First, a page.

Iranian health ministry has approved a second COVID-19 vaccine developed and manufactured inside the country for emergency use.
Health minister Saeid Namaki said on Tuesday that the vaccine developed by the Pasteur Institute of Iran had obtained the emergency use approval earlier in the day after successfully completing various trial stages.
“The third phase of the clinical trial for the Pasteur vaccine which is the second Iranian vaccine (against) cornavirus has been carried out and today we were able to obtain the permission for its emergency use form the legal committee,” said Namaki.
Iran had approved its flagship Coviran Barekat vaccine for emergency use earlier this month. The Pasteur vaccine has been developed as part of a joint experiment with Cuban scientists.
The approvals come as the government seeks to accelerate its inoculation program against the coronavirus some six months after it began using supplies from other countries.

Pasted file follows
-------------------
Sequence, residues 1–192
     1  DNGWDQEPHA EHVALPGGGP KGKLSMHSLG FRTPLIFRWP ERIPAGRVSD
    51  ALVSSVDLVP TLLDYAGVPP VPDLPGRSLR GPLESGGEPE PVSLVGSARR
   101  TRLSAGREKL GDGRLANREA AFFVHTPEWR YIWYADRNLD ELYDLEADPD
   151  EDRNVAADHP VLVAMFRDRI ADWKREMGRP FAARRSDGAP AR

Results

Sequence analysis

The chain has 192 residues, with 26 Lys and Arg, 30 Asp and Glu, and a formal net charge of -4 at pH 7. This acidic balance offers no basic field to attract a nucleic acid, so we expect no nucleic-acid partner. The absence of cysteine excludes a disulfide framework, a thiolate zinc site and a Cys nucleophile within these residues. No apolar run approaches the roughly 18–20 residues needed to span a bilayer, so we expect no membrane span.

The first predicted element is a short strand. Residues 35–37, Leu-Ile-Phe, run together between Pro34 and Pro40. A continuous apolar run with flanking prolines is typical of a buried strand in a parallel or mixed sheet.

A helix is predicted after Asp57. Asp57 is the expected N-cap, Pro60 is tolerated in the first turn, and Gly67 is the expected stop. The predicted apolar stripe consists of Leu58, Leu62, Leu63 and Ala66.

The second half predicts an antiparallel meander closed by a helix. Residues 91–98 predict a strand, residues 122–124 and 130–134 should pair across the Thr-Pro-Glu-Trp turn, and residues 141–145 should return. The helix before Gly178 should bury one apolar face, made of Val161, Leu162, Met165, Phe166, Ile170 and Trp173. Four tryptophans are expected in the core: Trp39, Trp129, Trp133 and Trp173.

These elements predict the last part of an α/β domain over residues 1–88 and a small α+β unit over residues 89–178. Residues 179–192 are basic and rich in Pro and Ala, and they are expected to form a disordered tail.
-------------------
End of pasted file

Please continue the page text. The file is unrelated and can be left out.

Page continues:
The campaign has mostly relied on Russian and Chinese jabs and others provided by a World Health Organization project.
Nearly six million shots have been delivered to the elderly and the frontline health workers in Iran of which nearly one million have gone to people receiving a second dose for better protection against the disease.
Government authorities expect the number of vaccinations would reach 13 million in mid-August.
Iran has three other coronavirus vaccine candidates, including two being developed by scientists in the country’s armed forces and one by the Razi Vaccine and Serum Research Institute, an established pharmaceutical company run by the government.
Facing a series of inhumane sanctions imposed by the United States, the Iranian government has mostly relied on home-grown capacities to tackle one of the harshest outbreaks of the coronavirus in the Middle East.
Health ministry figures published on Tuesday put the daily death toll from the disease and the number of confirmed cases at 142 and 12,717, respectively.